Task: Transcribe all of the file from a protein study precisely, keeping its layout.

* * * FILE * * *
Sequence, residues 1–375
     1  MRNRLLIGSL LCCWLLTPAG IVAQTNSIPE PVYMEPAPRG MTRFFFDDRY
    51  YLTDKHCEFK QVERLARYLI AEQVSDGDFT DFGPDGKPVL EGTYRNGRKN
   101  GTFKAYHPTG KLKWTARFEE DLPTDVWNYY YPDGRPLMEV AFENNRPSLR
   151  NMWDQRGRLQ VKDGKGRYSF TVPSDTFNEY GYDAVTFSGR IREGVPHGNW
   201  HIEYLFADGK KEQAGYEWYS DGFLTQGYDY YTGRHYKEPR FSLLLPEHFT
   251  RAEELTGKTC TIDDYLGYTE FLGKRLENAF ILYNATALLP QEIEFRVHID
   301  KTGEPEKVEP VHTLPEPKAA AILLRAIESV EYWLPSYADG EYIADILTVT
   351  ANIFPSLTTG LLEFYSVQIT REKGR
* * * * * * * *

Sequence, residues 1–375
     1  MRNRLLIGSL LCCWLLTPAG IVAQTNSIPE PVYMEPAPRG MTRFFFDDRY
    51  YLTDKHCEFK QVERLARYLI AEQVSDGDFT DFGPDGKPVL EGTYRNGRKN
   101  GTFKAYHPTG KLKWTARFEE DLPTDVWNYY YPDGRPLMEV AFENNRPSLR
   151  NMWDQRGRLQ VKDGKGRYSF TVPSDTFNEY GYDAVTFSGR IREGVPHGNW
   201  HIEYLFADGK KEQAGYEWYS DGFLTQGYDY YTGRHYKEPR FSLLLPEHFT
   251  RAEELTGKTC TIDDYLGYTE FLGKRLENAF ILYNATALLP QEIEFRVHID
   301  KTGEPEKVEP VHTLPEPKAA AILLRAIESV EYWLPSYADG EYIADILTVT
   351  ANIFPSLTTG LLEFYSVQIT REKGR